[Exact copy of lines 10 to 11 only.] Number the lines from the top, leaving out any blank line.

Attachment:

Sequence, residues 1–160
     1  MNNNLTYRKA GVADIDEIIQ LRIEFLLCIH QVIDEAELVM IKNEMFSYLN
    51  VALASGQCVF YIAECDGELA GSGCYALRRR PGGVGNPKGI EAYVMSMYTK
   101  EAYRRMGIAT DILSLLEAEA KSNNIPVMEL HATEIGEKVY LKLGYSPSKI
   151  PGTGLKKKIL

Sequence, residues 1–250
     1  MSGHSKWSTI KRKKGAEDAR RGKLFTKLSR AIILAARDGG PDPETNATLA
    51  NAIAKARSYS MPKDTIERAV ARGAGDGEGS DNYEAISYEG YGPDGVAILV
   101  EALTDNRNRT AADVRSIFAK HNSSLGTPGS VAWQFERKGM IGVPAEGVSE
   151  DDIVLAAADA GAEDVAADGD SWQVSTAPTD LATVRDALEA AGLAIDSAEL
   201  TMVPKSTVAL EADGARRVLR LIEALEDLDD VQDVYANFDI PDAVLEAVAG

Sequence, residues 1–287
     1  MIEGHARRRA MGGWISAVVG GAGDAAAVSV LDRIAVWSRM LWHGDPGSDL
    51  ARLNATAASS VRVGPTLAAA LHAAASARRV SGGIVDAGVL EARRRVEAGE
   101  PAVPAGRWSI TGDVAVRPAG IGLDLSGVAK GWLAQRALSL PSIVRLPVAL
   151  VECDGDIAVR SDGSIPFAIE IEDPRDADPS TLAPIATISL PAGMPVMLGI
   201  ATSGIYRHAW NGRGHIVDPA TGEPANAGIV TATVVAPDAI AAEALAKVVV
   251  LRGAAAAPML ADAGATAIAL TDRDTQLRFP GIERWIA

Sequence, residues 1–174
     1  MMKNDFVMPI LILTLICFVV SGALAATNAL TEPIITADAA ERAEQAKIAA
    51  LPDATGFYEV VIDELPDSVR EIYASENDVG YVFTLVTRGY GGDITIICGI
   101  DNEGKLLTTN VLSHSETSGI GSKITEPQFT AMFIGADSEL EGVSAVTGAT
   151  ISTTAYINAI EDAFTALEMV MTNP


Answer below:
   151  DDIVLAAADA GAEDVAADGD SWQVSTAPTD LATVRDALEA AGLAIDSAEL
   201  TMVPKSTVAL EADGARRVLR LIEALEDLDD VQDVYANFDI PDAVLEAVAG